“The longer one is alone, the easier it is to hear the song of the earth.” ~ Robert Anton Wilson.
Every once in a while I will hear someone singing a song and say “Oh, that’s what that line says?” I’m sure it has happened to you too. There used to be a segment on a radio show entitled ‘Misheard lyrics’ where listeners could call in and share their funniest lines. Even in church we have memories of confusing lyrics, like the one about poor ‘Gladly, the cross-eyed bear’. Sometimes hearing the correct version is actually a disappointment, the version you create may seem much more appropriate.
But when you put a verse to music, magic happens. As a technique of memorization, it is amazing. Many of us learned the alphabet by singing the ABC song. I have to admit I changed my own version of the alphabet after I learned the rule that ‘u always follows q’ and started saying ‘…n o p q u…’. Learning to think in abstract concepts is a developmental marker, as kids we are very concrete.
There is something about music, about songs, about dancing, that is universal. Whether it is a baby soothed to sleep with a lullaby, or a victim of dementia singing songs from his youth, music frees and unites us. Listening to my favorite radio station the other day, I learned about a contest that has been around for fourteen years, a prize offered to PhD students to put their research to music. Google ‘Dance your PhD’ if you are interested! A group of Swedish graduate students won with their rap video celebrating how clouds are formed. Another science student from France used belly dancers to demonstrate how plastic breaks down and ends up polluting our earth.
Educators have known for quite a while that creativity is the key to learning. Reading a book exposes you to information, but manipulate that information into a rhyme, a pattern, a mnemonic, and suddenly that knowledge is yours. I have used the technique in my classroom, having groups of students working together to create a rap, a poem or a song to make some concept memorable. There are always those who hate the activity, and those that run away with it, creating something far better than I could have ever hoped for.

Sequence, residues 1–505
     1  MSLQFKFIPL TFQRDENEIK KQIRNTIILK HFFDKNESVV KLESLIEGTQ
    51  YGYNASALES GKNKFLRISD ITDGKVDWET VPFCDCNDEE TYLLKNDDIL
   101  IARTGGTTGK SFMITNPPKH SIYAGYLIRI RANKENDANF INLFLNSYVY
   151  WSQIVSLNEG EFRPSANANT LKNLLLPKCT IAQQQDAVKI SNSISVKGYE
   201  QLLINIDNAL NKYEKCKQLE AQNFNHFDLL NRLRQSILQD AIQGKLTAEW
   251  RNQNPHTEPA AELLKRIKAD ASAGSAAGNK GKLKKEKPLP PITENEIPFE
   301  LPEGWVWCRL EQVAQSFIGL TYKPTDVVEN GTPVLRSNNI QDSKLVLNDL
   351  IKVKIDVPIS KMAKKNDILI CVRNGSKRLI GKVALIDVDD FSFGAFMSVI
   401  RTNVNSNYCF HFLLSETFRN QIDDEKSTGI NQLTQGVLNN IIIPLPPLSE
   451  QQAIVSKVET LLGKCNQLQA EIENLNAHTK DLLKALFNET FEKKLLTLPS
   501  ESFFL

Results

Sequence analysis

In this same week I saw a physician from New York who decided to take his campaign for public education about COVID-19 and the vaccine to a higher level by inviting rap artists to put his message to music. In fact, he even rapped some of the lines himself! Presenting information in a way that is both easy to understand and appealing increases the chances of people hearing and acting upon it. I am always amazed at how lazy (or rushed) we have become in health care, printing out reams of patient education to give to someone when they are discharged. Pharmacists do the same. A simple personal presentation explaining key points would be far more useful. Who goes home and reads any of the print-outs?
Helping people to understand the need for vaccination will be the key to returning our society to some semblance of normalcy. But there is so much misinformation that abounds. People have ‘heard that’ all kinds of things, from making women sterile, to making men lose their libido. And yet we are all here and alive because of childhood vaccinations. And by now we all know of someone (probably more than one) who died of COVID-19.
The other day I posted in social media when I went to get my first dose of the vaccination. A school-mate commented on my post. I had not heard from him in years, until he sent me a ‘friend request’. At first I did not recognize his face nor his name, until I read his message. I remembered him by the cruel nickname he had been given, because of a disability. He was known as ‘Hoppo’ because of his atrophied leg, a result of childhood polio. In his post he related his personal experience. His parents, listening to the fearmongering in his village, had refused to let him be vaccinated, and he contracted the disease. He spent six years of his early childhood in a rehabilitation center and started primary (elementary) school at age ten. In the way that all children are cruel, he was teased and mocked for his disability, and had to fight discrimination all his life.
Yet in the way that only strong and resilient people can, he went on to live a full life. In early adulthood he wrote and acted in a play, performed to great acclaim in the town in which he lived. Yes, he overcame, but a simple shot in the arm could have given him a different childhood, a different path altogether.
This strange year has taught us many things. But one of the biggest victims during this time has been truth. Misinformation (aka propaganda and lies) has allowed many to be brainwashed, to believe what they want to, to doubt science and the scientists. But how can we resist science when so much of what we rely on has been built on the work of rigorous research? It may take the arts to turn it around, to illuminate and illustrate the facts. A story about one person’s life experience can be more powerful than a host of charts and statistics.
Perhaps the way forward is a true marriage of arts and sciences. With science we can move forward, but the arts can move people. On this Friday morning I celebrate the scientists and artists, who bravely imagine the world to be a better place. It is up to us to do our part in sharing the stories and the science and encouraging our kids to think and create for themselves.
Have a wonderful weekend, Family!